Motivation has become the buzzword of the 2021 California gubernatorial recall election.
For weeks, liberals gnashed their teeth over poll results showing Republicans almost universally highly “motivated” to vote in the recall. The D.C. press corps and political class – who never really understand California politics outside of fundraising – breathlessly report that Republican motivation might well swamp that of Democrats and lead to a successful recall and Gov. Larry Elder.
Republican motivation is a secondary issue and the replacement candidates are a tertiary issue, if that. The key issue – by a huge margin – is Democratic participation.
But then the first reports of ballots showed Democrats outperforming their levels of voter registration – currently they are 55% of returned ballots while comprising 48% of registered voters
I’m not here to say Gavin Newsom is definitely going to prevail – though I expect so. But I want to say a few words about “motivation.”
When my daughter starts school next week, I will be waking up early to make her a lunch every day. I will do so grudgingly. My motivation will be quite low. However, during the last (remote) school year, I sampled a few school lunches. They were dreadful – so much pre-packaged crap of dubious nutritional value (pre-sliced apples in sealed cellophane, WHY?!). So I will make a sandwich and pack some snacks each day.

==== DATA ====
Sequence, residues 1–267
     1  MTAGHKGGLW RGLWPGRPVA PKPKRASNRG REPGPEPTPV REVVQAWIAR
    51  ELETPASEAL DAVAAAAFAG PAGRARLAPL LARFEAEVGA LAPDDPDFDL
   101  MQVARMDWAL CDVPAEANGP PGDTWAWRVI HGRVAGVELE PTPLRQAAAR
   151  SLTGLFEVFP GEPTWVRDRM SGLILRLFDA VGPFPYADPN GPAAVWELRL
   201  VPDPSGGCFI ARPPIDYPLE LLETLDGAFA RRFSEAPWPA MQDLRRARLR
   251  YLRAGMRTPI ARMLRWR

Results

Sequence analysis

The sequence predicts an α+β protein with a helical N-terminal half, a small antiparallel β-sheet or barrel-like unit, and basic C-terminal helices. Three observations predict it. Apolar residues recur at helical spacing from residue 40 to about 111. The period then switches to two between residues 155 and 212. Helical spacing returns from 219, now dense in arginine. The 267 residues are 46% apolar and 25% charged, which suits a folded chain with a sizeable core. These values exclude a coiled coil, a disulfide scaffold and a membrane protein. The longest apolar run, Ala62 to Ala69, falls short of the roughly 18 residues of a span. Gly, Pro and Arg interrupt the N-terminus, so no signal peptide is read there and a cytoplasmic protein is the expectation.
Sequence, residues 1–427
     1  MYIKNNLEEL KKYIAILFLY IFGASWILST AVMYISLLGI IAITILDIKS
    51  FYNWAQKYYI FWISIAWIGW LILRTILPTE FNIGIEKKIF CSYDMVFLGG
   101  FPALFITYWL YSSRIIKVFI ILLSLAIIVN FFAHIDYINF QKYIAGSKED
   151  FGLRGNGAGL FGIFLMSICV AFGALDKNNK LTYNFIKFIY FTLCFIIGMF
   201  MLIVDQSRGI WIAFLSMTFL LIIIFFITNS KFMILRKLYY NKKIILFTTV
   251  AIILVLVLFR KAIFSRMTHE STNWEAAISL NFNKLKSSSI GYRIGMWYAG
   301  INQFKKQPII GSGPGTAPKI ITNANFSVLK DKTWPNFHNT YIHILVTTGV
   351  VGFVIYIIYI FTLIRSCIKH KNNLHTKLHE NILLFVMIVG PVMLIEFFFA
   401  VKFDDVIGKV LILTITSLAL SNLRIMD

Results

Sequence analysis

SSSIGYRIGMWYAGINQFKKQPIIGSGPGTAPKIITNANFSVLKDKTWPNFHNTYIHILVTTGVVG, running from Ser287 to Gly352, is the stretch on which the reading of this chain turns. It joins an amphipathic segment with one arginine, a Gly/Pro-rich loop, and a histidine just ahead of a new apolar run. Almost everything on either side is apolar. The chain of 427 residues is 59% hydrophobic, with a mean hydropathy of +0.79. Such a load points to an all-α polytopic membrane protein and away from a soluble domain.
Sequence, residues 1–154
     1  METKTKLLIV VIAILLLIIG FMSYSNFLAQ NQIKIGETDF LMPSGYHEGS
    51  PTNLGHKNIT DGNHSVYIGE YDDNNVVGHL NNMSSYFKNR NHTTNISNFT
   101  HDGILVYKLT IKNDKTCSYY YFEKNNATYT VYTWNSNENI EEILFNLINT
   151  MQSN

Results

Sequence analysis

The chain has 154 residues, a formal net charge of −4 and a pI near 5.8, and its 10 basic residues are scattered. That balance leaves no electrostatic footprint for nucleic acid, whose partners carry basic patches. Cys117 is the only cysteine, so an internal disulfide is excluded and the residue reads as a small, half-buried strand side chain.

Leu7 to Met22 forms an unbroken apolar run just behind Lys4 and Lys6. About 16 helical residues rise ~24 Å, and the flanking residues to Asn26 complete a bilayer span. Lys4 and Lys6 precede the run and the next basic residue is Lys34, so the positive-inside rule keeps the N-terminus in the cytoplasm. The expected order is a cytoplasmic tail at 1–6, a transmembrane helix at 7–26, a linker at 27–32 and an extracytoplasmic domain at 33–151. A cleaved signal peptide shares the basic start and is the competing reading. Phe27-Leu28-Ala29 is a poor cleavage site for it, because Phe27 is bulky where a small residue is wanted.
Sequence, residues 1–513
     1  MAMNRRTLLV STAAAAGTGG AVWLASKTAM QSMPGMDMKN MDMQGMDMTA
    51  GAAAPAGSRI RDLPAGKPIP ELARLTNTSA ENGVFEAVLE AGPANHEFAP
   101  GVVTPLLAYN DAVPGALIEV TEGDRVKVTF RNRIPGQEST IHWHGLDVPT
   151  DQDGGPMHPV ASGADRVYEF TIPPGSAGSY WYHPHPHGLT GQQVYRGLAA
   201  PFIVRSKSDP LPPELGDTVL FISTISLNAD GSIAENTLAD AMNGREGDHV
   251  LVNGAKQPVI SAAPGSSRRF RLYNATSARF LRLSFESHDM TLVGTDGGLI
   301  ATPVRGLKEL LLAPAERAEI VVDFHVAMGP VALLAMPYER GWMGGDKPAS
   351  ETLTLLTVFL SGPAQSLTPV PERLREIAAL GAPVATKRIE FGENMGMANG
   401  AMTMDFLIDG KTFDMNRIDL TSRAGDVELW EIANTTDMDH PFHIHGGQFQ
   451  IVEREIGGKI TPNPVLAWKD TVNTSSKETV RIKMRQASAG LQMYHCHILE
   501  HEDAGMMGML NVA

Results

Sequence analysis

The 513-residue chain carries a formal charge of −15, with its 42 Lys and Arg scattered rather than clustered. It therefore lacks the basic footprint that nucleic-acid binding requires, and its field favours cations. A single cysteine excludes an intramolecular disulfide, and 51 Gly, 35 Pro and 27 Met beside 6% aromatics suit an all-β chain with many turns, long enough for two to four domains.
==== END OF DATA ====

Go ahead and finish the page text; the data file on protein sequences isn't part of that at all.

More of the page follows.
Similarly, is it that hard to imagine that a Democrat wouldn’t fill out and send in a short ballot with a push reminding them that it will prevent a Donald Trump acolyte from ascending to the top spot in state government? They only need to be highly motivated for a fleeting moment.
Indeed, Republican motivation is extremely high. In a recent survey, I found 91% of Republican voters were “very motivated” to vote in the recall election. However, two-thirds of Democrats also described themselves as “very motivated.” In sheer numbers, more California Democrats are “very motivated” than California Republicans.
Most NPP/Third-Party voters have supported Democratic candidates in recent statewide elections.
Analysis of the recall election has been backwards.
Republican motivation is a secondary issue and the replacement candidates are a tertiary issue, if that.
The key issue – by a huge margin – is Democratic participation. And even if a small number of Democrats vote in favor of the recall, it likely will make little difference in the final outcome.
If one assumes that 85% of ballots from Democrats will oppose the recall – which is probably a conservative assumption (in both senses of the word) and Democrats comprise 48% of the recall electorate – then the No side is already at 41% of the vote.
Then, assume 95% of Republicans support the recall and they comprise 33% of the recall electorate (a significant over-performance of their 26% of registration). That’s only 31% for the Yes side
In this scenario, our No Party Preference and other third party voters comprise 19% of the recall electorate.
The Yes side would need to win more than 60% of their votes to prevail. That would be a pretty dramatic change in their voting patterns, as most NPP/Third-Party voters have supported Democratic candidates in recent statewide elections.
And if Democrats are 52% of the recall electorate (they are currently 55%), and Republicans a third, then the smaller universe of NPP voters would need to break 3-to-1 in favor of the recall in order for it to pass.
Math doesn’t care about enthusiasm.
And I have a less than a week until I have to start making school lunches.
Editor’s Note: Jonathan Brown is the president of Sextant Strategies & Research, a Democratic polling firm based in Southern California.